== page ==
Tearfund is an organisation that works tirelessly to help communities around the world escape the very worst effects of poverty and disaster. The same people are facing both of these troubles and Tearfund have great ideas as to how they can overcome them.
I recently attended an event in the parliament which was to launch Tearfund’s “Virtuous Circle” report on the circular economy. Many of you may be wondering what a circular economy is.
“Currently, we have a primarily linear economy. So we make a product – for example, a toaster or a mobile phone – we use it and, when it breaks or there’s a better model available, we throw it away. At this point, all of the resources (energy, metals, water) used to make that phone are lost. In Europe, an average of 95 per cent of a product’s material and energy value is wasted in this way. A circular economy would address these issues, by maximising the efficiency with which resources are used at each stage of the product life cycle. This is partly about what happens to a product at the end of its life, but it is also about eliminating waste and inefficiency throughout the production and consumption chain, from reducing the amount of time cars and machinery sit idle, to increasing the scope for repairability or modular re-manufacturing of used components.”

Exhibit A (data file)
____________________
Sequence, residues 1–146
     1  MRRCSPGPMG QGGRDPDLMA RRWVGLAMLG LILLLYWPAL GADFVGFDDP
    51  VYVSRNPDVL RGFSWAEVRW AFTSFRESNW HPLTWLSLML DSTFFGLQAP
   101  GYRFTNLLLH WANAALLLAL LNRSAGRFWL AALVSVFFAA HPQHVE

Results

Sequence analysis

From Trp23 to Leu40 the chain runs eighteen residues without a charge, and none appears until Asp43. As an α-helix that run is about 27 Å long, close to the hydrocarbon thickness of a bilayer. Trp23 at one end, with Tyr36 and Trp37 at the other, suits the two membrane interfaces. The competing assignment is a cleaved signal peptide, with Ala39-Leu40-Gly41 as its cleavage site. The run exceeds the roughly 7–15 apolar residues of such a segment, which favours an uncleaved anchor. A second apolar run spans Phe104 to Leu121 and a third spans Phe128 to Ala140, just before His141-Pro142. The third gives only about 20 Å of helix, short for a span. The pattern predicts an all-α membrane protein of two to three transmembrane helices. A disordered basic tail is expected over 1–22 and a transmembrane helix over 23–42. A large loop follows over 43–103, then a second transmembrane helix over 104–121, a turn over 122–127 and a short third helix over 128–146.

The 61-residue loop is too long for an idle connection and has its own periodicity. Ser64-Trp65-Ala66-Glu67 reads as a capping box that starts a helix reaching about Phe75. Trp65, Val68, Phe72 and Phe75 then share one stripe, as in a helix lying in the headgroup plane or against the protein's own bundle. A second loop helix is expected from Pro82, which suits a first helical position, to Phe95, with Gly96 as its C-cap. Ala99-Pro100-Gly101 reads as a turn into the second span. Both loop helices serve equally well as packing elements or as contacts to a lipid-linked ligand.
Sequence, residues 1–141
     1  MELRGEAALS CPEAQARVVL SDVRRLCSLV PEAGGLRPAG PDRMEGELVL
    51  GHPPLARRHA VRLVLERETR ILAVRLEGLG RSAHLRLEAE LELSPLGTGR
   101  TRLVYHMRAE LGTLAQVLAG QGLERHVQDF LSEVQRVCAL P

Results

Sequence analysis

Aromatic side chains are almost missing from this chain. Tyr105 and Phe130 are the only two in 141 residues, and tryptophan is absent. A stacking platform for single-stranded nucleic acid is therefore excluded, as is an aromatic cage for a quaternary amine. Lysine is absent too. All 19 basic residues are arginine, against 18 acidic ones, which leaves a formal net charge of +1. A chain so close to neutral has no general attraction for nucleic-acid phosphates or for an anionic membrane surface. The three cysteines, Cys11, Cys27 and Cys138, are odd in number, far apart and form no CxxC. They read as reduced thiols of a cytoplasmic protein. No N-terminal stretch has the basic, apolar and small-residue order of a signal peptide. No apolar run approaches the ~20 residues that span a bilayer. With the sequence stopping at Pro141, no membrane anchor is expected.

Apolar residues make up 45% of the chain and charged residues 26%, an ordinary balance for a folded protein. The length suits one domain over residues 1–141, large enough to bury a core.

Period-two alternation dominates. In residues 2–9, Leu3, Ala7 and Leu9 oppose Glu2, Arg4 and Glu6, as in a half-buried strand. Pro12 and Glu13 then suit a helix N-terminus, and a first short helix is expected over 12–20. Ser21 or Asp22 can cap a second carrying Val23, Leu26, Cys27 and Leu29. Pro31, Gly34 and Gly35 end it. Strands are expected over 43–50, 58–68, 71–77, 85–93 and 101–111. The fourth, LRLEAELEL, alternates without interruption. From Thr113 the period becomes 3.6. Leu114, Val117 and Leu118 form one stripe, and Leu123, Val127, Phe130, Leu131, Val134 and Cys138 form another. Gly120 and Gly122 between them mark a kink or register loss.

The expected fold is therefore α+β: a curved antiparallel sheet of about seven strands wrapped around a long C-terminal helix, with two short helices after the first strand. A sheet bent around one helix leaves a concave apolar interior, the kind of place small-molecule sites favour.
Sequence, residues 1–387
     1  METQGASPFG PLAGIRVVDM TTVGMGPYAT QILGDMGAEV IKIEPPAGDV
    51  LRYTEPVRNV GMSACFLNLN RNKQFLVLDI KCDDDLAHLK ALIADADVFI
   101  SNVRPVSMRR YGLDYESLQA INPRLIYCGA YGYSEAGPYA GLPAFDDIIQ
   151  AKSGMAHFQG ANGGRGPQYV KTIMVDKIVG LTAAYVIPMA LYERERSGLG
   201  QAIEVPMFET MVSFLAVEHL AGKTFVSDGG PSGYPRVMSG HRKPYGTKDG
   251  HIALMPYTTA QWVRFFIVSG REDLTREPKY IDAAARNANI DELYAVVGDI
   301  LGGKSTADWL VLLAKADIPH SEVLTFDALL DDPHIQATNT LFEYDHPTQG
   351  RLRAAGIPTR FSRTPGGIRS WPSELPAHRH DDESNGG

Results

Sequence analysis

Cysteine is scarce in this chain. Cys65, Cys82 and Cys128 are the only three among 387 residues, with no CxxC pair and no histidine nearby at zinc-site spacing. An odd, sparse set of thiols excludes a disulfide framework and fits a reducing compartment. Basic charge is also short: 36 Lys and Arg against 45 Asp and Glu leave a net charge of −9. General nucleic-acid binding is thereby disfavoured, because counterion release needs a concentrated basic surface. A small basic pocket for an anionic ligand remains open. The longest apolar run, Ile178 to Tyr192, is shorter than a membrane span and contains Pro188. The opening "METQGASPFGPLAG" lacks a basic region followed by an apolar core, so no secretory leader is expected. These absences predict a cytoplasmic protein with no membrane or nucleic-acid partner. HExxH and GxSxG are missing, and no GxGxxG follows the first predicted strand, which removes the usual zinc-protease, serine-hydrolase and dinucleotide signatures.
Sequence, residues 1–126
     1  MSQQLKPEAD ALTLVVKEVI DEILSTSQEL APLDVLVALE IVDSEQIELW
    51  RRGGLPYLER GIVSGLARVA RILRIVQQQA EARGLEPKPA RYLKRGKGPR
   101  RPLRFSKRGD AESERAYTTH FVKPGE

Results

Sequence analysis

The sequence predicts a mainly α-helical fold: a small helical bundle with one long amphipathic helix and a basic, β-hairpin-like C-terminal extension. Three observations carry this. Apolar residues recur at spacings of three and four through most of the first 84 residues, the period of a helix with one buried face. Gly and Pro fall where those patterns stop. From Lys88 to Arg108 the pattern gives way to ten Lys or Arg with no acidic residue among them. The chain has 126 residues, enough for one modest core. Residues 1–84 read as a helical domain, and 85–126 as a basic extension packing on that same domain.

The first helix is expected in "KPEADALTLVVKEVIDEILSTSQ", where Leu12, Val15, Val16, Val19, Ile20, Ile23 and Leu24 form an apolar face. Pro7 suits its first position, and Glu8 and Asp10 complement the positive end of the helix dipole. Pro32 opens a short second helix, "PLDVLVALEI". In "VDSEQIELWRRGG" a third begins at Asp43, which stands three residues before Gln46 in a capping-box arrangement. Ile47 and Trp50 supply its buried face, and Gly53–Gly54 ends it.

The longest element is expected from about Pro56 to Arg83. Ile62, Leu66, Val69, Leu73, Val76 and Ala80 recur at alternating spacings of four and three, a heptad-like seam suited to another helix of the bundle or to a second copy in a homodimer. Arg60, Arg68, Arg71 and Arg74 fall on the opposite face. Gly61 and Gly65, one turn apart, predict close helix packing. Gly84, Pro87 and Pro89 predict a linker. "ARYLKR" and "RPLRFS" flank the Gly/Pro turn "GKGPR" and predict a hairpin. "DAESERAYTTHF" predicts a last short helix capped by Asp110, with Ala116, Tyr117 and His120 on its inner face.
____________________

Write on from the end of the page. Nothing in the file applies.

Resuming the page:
The report has many key recommendations. One which I find interesting is:
- Creating the right enabling environment for circular economy industries has the potential to create jobs, improve social outcomes the poorest and reduce poverty
As the spokesperson for Environment, Climate Change and Land Reform I have often spoken in favour of a shift to a circular economy. However, it is important to note there is a lot of work to be done before we get to the planning stages to create a circular economy for Scotland.
A circular economy would have many benefits to Scotland. By eliminating waste, the circular economy will be good for increasing productivity and economic growth, improving the quality and quantity of employment, and saving lives, by reducing environmental impacts such as water pollution, air pollution and climate change.
For example, based on an analysis of three sectors (transport, food and the built environment), it is estimated that pursuing a circular economy would increase European GDP by seven per cent by 2030.
There are many benefits included within a circular economy and now is the time for change….
You can download the Tearfund “Virtuous Circle” report by clicking here